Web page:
Comparing Methodologies Used to Develop WHO and CDC Growth Charts for Children Birth to Aged 2 Years
The WHO growth charts represent growth standards that describe how healthy infants and young children should grow under optimal environmental and health conditions.
The WHO growth charts
- Are prescriptive because they describe growth under optimal environmental conditions and included healthy infants who were well-fed according to international recommendations.
- Were designed to be an international standard for infants and young children.
- Provide a standard against which all infants should be compared.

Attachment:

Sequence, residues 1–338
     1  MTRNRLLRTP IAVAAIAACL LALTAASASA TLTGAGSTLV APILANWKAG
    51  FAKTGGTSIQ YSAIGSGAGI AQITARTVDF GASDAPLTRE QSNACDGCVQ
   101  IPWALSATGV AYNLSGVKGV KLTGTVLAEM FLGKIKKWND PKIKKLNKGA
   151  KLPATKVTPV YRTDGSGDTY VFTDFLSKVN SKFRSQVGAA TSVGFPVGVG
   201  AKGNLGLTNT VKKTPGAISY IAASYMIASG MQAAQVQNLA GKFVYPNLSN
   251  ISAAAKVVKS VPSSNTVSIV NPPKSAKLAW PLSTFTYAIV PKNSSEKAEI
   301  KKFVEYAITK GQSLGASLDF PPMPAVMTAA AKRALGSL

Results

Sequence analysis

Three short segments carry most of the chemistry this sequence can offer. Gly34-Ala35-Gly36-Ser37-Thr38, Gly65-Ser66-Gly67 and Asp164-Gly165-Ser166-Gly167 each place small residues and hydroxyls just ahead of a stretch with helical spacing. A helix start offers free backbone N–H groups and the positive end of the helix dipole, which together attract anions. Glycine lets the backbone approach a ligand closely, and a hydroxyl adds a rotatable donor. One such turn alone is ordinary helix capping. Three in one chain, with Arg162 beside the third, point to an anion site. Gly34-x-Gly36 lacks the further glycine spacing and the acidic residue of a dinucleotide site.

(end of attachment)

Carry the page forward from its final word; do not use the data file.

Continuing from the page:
- Create an opportunity for clinicians to identify and address environmental conditions that might be negatively affecting growth.
The CDC growth charts are a growth reference. They describe the growth of children in the United States.
The CDC growth charts
- Are descriptive because they indicate how children grew in a particular place and time.
- Indicate how children grew in the United States during approximately 30 years (1963 -1994).
- Do not imply that the pattern of growth they represent is healthy.
Both the WHO growth standard and the 2000 CDC growth reference were developed to replace the 1977 National Center for Health Statistics (NCHS)/WHO growth reference.
For detailed descriptions of methods and information about the development of the 2000 CDC growth charts, see 2000 CDC Growth Charts for the United States: Methods and Development Cdc-pdf[PDF-5.3MB] and the CDC Growth Charts.